The Government has been moving towards making vaccination mandatory across the Nation, introducing the No Jab No Pay, and No Jab No Play policies, to encourage parents to immunise their children
No Jab No Play legislation has been implemented with some variation between states. In Victoria and New South Wales, the policy states that a child who has not been vaccinated and is not currently participating in a catch-up program or objecting on medical grounds can be denied enrolment in a child care centre. The remaining states have a slightly more flexible policy, with decisions around enrolment for non-vaccinated children being left to the discretion of individual centres. All states share the policy that children can be removed from the centre should an outbreak occur.
Parents who have chosen not to immunise on medical grounds have been given an exemption up until now. However, the NSW Government is currently seeking to abolish the right to conscientiously object to vaccination. This will mean that for enrolment in NSW childcare, it will be mandatory for children to have been immunised.
No Jab No Pay Policy – Immunisation Requirements
The Australian Government is extending the immunisation requirements for Child Care Benefit (CCB), Child Care Rebate (CCR) and the Family Tax Benefit (FTB) Part A end of year supplement.
From 1 January 2016, families with children who are not immunised (and do not have an approved exemption) will not receive the FTB Part A end of year supplement and child care subsidies.
Putting aside the range of personal feelings parents have around vaccination, the fact remains that the outcome of these policies will greatly impact families. For working parents, being denied access to child care centres as well as child care rebates will impact on their ability to work. For other families, the news may be a relief. Parents who made the decision to immunise their children, particularly where the child has been sensitive, are keen to know that their child will now be safe from those diseases and the immunisations have been worth it. With such large proportion of the community attending child care now, the risks of exposure to these diseases can be drastically reduced if mandatory immunisation is introduced.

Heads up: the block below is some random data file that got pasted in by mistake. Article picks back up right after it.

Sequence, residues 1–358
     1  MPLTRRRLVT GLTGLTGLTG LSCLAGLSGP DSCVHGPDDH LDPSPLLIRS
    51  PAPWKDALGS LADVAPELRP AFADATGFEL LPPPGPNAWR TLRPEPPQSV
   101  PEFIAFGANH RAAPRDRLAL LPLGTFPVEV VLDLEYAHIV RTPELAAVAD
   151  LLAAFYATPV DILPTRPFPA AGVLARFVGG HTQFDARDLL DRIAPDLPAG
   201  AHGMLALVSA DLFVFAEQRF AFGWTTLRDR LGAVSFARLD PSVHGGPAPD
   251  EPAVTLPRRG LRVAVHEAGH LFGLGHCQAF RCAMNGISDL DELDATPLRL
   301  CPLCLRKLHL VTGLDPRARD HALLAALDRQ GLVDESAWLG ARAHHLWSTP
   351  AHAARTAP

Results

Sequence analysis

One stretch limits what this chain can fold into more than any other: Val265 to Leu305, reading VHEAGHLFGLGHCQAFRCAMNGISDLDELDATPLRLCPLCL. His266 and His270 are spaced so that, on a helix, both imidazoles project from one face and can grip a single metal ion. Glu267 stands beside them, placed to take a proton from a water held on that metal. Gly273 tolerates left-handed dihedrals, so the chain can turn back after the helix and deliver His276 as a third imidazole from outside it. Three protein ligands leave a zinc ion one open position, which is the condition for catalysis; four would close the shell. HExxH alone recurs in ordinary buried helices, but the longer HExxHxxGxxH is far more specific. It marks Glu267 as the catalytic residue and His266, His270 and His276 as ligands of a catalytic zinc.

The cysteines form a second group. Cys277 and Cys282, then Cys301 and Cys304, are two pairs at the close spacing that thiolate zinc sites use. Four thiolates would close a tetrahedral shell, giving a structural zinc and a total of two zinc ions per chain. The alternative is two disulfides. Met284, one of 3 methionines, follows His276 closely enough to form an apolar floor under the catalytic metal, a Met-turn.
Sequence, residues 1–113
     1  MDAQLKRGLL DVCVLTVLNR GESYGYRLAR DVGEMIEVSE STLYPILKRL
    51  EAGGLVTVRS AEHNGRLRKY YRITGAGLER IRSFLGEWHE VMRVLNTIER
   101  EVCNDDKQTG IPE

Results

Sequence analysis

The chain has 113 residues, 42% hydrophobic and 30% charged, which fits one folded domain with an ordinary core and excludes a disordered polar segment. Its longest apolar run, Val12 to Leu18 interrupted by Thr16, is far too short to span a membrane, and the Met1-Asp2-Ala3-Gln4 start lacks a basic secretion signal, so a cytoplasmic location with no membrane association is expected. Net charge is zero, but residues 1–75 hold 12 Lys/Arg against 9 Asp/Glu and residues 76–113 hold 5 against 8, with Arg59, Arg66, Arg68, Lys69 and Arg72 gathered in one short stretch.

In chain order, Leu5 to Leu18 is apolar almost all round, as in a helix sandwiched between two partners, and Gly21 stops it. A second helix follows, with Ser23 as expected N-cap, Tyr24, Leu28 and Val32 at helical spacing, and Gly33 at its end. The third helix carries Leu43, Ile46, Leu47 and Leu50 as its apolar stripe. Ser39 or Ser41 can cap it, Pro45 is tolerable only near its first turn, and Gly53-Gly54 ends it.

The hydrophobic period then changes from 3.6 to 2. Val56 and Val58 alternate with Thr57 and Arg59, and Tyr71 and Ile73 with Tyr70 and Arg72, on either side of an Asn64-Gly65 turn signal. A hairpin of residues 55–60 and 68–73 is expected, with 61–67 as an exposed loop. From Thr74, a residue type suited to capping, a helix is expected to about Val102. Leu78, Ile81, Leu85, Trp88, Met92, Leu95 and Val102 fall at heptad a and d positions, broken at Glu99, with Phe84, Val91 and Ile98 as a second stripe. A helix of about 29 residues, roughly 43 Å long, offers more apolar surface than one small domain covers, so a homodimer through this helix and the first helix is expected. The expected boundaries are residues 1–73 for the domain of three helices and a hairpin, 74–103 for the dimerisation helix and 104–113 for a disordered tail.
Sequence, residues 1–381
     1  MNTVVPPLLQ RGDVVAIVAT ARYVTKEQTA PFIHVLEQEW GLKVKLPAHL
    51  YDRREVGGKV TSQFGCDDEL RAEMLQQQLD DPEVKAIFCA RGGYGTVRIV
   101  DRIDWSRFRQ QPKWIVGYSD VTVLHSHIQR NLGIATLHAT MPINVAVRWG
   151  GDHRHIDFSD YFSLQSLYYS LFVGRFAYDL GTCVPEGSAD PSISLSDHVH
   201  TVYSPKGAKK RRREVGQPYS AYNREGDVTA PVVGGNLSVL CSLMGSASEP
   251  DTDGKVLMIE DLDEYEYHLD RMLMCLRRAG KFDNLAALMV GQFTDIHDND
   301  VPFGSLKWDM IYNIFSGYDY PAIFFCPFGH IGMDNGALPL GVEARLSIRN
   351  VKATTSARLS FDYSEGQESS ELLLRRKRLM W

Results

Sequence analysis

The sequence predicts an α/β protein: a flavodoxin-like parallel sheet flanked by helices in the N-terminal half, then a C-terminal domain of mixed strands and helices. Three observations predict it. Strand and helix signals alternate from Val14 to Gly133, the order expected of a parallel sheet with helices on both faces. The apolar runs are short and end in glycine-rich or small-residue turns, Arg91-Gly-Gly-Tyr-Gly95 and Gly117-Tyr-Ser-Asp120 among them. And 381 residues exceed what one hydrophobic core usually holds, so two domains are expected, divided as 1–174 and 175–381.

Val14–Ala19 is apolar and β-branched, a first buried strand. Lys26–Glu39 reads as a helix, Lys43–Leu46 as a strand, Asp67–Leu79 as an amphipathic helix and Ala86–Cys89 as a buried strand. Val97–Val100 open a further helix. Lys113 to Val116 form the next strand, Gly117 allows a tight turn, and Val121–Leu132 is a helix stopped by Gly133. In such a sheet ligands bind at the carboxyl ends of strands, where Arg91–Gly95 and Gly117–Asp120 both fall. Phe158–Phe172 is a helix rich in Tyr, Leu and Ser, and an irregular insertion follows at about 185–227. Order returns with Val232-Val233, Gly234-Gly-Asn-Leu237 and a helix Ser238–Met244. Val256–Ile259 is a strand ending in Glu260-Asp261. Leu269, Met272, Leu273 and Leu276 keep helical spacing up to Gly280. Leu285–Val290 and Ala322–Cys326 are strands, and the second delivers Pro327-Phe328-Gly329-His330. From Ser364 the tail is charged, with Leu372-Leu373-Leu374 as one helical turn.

While immunisation doesn’t guarantee 100% protection from illnesses and some children have been known to contract them regardless, the severity and duration of the illness are believed to be greatly reduced.
If immunisation is an issue that concerns you, it helps to be aware of what is happening in the wider community and on a legislative level. In this way, you can make plans that best suit your family.
The Personal Health Record (Blue Book), a GP Letter and/or an overseas vaccination record must not be accepted as evidence of a child’s immunisation status. Parents/guardians can log onto the Medicare online services website and print a copy of the ACIR Immunisation History Statement or relevant form that needs to be completed by their doctor/ immunisation nurse.
If you would like to learn more about immunisation requirements and schedules, or for information about enrolment in one of our early learning centres, contact ToBeMe today.
Comments are closed.